Apparently, if you want to attract dozens of best-selling authors to Charleston, you just need to bribe them. With pie. That’s how Margaret Stohl and Kami Garcia, authors of the Charleston-based Beautiful Creatures series, managed to lock in 26 writers for a young adult book festival, among them 11 New York Times and international bestselling authors, one with a book-to-film adaptation, and eight more with films in production or optioned. The working title of the event was Pie-Con, but they eventually settled on YALLFest.
Jonathan Sanchez, owner of Blue Bicycle Books, came up with the initial idea for YALLFest as an outgrowth of the broader-reaching Capital Bookfest. “I just wanted to have one theme, one group, and there wasn’t a lot of YA last year at all,” Sanchez says of Bookfest, which included everything from cookbooks to self-help books to poetry. He floated the idea to L.A.-based Stohl and Garcia, who were in town doing research for their books. Within a few months, they had a solid lineup thanks to the close-knit nature of the YA community.
Young adult horror writer Melissa de la Cruz is on the roster; she’ll be speaking on the Fangs Among Friends panel and moderating the Undead Poets Society panel. “It’s a great time to be a YA writer right now,” she says. “The market has just exploded. There are so many readers out there, first with J.K. Rowling, then Stephenie Meyer, now Suzanne Collins. YA is now leading the culture. I think people are discovering what a pleasure it is to read these books, and it’s great for us because we get to write them.”
Like many of YALLFest’s featured authors, de la Cruz’s books tend toward supernatural themes. Her Blue Bloods series is based on an ancient group of vampires living among the echelons of New York society. She recently launched a Paranormal Adult series with Witches of East End, and she plans to unveil her Wolf Pact series in the fall of 2012. She’s written a handful of books for adults as well, including The Fashionista Files — but she’s definitely found her niche in YA fiction.
“I love writing for teens,” she says. “I still feel like a teenager. It’s a shock for me to realize I am actually old, that I’m 40 and not 14.”
Pseudonymous Bosch is also scheduled to make an appearance, both at the Jr. YALLFest panel and at an event where he’ll interview himself in the Blue Bike courtyard. However, the elusive author of The Secret Series tells us to be wary of imposters. “During my time at YALLFest, I intend to confiscate and destroy all copies of my books that I can find,” he says. “I suppose that isn’t much of a contribution to the festival, but trust me — I’m doing everybody a favor. If you see anybody claiming to be me doing such things as participating in a morning panel or presenting his books in the afternoon outside Blue Bicycle bookstore, you can rest assured that it won’t be me, but my impostor who has a terrible habit of going to book festivals and signing books in my name.”
Bosch has gained a rabid following of young readers — or, as he calls them, the “age challenged” — thanks to a top-secret stance that extends from his books to his public appearances. While keeping his identity under wraps is a big part of his shtick, he slipped up enough to admit that Margaret Stohl is a close friend. In fact, he wrote the first book of the series while working with Stohl’s young daughter during a pen-pal writing program.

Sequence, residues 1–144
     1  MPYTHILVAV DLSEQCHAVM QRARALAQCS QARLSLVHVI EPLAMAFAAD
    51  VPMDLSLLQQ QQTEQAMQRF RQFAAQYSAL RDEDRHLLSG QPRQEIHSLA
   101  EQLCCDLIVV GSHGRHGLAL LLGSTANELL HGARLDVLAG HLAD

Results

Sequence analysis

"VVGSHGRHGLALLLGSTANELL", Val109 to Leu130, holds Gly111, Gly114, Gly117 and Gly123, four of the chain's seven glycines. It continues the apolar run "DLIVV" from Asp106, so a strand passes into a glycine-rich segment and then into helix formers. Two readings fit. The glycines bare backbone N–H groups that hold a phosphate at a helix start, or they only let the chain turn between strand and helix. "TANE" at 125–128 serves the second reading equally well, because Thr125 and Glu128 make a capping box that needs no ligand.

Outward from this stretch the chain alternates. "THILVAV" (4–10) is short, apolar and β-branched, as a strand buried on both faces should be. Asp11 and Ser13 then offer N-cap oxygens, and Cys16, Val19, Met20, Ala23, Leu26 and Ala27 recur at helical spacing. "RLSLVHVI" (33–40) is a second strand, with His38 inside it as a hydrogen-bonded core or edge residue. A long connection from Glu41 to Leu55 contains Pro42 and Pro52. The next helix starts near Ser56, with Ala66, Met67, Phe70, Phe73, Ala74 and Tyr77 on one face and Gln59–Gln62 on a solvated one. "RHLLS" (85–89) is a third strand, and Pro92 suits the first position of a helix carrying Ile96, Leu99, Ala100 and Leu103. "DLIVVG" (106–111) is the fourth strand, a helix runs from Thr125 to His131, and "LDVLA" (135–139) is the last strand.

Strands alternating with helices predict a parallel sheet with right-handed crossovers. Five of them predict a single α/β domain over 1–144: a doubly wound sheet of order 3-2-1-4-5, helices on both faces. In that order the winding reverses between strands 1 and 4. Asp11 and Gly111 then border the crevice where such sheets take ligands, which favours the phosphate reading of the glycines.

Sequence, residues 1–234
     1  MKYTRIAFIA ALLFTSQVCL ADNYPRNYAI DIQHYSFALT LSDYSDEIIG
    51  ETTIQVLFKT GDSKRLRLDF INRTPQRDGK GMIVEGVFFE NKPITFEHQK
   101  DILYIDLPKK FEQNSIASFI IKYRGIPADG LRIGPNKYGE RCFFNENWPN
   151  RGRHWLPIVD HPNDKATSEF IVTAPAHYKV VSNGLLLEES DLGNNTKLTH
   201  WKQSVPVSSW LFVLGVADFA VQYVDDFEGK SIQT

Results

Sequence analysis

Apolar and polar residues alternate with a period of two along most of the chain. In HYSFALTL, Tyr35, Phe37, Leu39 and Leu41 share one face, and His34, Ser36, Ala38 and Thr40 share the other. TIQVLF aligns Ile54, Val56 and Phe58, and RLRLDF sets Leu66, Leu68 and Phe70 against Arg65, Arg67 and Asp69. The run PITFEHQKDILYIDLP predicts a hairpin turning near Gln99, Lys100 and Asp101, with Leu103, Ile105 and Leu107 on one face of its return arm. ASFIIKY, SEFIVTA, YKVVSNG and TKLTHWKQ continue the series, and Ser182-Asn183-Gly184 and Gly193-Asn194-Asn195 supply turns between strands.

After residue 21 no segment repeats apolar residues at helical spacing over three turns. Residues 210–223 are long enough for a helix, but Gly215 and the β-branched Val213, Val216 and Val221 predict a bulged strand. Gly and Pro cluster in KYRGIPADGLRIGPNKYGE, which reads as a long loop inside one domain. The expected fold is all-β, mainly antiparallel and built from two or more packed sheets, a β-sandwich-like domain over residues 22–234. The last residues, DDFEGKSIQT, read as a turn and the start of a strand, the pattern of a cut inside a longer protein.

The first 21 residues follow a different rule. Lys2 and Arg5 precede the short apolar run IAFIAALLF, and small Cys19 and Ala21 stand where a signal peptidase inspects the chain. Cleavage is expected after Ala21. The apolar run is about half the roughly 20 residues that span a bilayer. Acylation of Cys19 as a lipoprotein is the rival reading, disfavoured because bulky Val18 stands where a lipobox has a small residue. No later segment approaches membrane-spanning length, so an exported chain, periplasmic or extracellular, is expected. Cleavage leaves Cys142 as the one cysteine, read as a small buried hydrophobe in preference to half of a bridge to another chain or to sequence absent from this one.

While YALLFest is targeted toward young readers, Sanchez hopes to attract a wide range of ages to the event. “It’s just a big book festival,” he says. “These are all writers who work very hard, so I think if you’re into zombies and vampires, definitely be there, but if you’re into novels at all, these are just great novelists.
“The novel’s a recent thing, the last couple hundred years really,” he adds. “People didn’t have to go to the theater or go to the opera anymore … You could kind of create your own little world in your head hiding away with a book. What this festival really is is celebrating that moment. Obviously, it’s targeted toward the first time that happens for people.”
Fiction fans will be treated to a day of panels split between Blue Bike and the American Theater. But don’t expect any dry topics here: panels include Zombie Attack, featuring Dave Stohl (Margaret’s brother and head of Worldwide Studios and Activision Video Games), Carrie Ryan (author of The Forest of Hands and Feet), and Isaac Marion (author of Warm Bodies, which is currently in development for film); and Reality Bites, featuring David Levithan (Nick and Nora’s Infinite Playlist), Holly Goldberg Sloan (I’ll Be There), and Natalie Standiford (Confessions of the Sullivan Sisters). The HollYAwood panel will highlight books that are making their way to the silver screen with input from Garcia (Beautiful Creatures is in development), Mark Morgan (producer of the Twilight saga), Marion, and Levithan.
Additional participating authors include Sarah Rees Brennan, Caitlin Kittredge, Victoria Schwab, Kwame Alexander, Marjory Wentworth, Katie Crouch, and many others. “It’s really just a lot of bright people who put their talents toward writing really rich, entertaining fiction,” Sanchez says. “And they’re really fun and inspiring to hear talk.”
The event wraps up with the YA Smackdown, which gathers all 26 authors on stage for what’s sure to be an unpredictable affair. At $5, it’s YALLFest’s only ticketed event. “A lot of them know each other,” Sanchez says of the authors. “A lot of them have friendly rivalries, so it’s a chance for them to flex their egos a little bit.”
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